Apple iPhones with OIS and closed-loop AF are vulnerable to damage.
Apple recommends the use of a vibration damning mount for mounting iPhones on scooters and mopeds.
Many users have reported such damage over the last few years.
Apple has warned that exposing iPhones to vibrations in certain frequency ranges, especially the sorts generated by a high-powered motorcycle engine can hamper the camera quality of your iPhone or irreparably damage the cameras altogether.
It’s quite common for bike riders to mount their phones on bike handles for navigation, and over the years, several users have reported such damage online across support forums. Apple has explained why this happens and it’s not just the iPhones that this warning might be pertinent to. High-end Android phones with OIS should be equally susceptible to damage.
First ride on the motorcycle and I think I toasted the camera in my iPhone.
8 miles. Crappy design.
— James Chadbourne (@mack505) September 4, 2021
Why you shouldn’t mount your phone on a motorcycle
Apple says that iPhone models with OIS that include all iPhones starting from iPhone 6 and models with closed-loop Auto-focus that include iPhone XS and later, will be vulnerable to high-intensity vibrations. The iPhone SE (2nd gen) is also included in the list. Both OIS and Closed-loop AF systems involve sophisticated mechanisms to move lens assembly for the best possible image quality.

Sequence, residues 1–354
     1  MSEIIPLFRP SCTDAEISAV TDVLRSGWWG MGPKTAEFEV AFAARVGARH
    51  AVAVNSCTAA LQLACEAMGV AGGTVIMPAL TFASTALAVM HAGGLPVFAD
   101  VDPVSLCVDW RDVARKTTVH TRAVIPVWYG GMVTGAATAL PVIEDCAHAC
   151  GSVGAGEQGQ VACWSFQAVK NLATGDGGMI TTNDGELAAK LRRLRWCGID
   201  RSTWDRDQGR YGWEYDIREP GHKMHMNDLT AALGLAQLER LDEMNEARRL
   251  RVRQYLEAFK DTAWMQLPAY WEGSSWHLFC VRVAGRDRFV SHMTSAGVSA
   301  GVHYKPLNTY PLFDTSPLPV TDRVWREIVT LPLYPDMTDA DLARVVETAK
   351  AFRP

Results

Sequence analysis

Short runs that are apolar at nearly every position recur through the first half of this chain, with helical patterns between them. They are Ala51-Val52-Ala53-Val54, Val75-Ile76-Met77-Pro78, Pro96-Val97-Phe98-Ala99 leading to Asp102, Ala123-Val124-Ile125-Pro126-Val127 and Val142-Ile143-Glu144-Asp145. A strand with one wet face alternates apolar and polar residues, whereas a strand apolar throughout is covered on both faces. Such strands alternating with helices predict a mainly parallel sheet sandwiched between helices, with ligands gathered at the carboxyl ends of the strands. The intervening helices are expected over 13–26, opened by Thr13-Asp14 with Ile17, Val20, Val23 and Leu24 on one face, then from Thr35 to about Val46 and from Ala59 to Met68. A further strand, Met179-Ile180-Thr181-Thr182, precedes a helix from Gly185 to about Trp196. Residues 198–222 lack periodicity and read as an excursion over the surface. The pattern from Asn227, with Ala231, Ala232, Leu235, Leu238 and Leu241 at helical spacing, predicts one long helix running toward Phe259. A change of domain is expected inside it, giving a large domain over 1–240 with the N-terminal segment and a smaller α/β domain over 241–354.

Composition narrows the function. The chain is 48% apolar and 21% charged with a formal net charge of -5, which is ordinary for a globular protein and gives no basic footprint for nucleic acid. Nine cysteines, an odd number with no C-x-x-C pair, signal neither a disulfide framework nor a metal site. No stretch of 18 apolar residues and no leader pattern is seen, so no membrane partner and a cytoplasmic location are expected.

"The OIS and closed-loop AF systems in iPhone are designed for durability. However, as is the case with many consumer electronics that include systems like OIS, long-term direct exposure to high-amplitude vibrations within certain frequency ranges may degrade the performance of these systems and lead to reduced image quality for photos and videos. It is recommended to avoid exposing your iPhone to extended high-amplitude vibrations."
The Ultra-wide camera sensor and Telephoto camera on these iPhones don’t have OIS, so the damage will be mostly to the primary sensor.
Apple further says that mounting your iPhone to handlebars of vehicles with relatively lower-amplitude vibration engines such as scooters and mopeds might not be as risky, but users are still advised to use a vibration-damping mount.